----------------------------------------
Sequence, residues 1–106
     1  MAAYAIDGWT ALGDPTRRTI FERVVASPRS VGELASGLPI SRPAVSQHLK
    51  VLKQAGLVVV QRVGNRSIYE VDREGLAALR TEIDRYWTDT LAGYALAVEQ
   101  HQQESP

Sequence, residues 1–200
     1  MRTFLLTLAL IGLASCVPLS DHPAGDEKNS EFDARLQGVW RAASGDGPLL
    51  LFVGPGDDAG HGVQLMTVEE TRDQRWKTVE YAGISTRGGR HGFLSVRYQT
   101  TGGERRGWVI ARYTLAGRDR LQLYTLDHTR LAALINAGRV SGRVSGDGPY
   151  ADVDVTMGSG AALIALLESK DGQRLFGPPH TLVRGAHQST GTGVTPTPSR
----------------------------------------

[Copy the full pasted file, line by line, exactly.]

Sequence, residues 1–106
     1  MAAYAIDGWT ALGDPTRRTI FERVVASPRS VGELASGLPI SRPAVSQHLK
    51  VLKQAGLVVV QRVGNRSIYE VDREGLAALR TEIDRYWTDT LAGYALAVEQ
   101  HQQESP

Sequence, residues 1–200
     1  MRTFLLTLAL IGLASCVPLS DHPAGDEKNS EFDARLQGVW RAASGDGPLL
    51  LFVGPGDDAG HGVQLMTVEE TRDQRWKTVE YAGISTRGGR HGFLSVRYQT
   101  TGGERRGWVI ARYTLAGRDR LQLYTLDHTR LAALINAGRV SGRVSGDGPY
   151  ADVDVTMGSG AALIALLESK DGQRLFGPPH TLVRGAHQST GTGVTPTPSR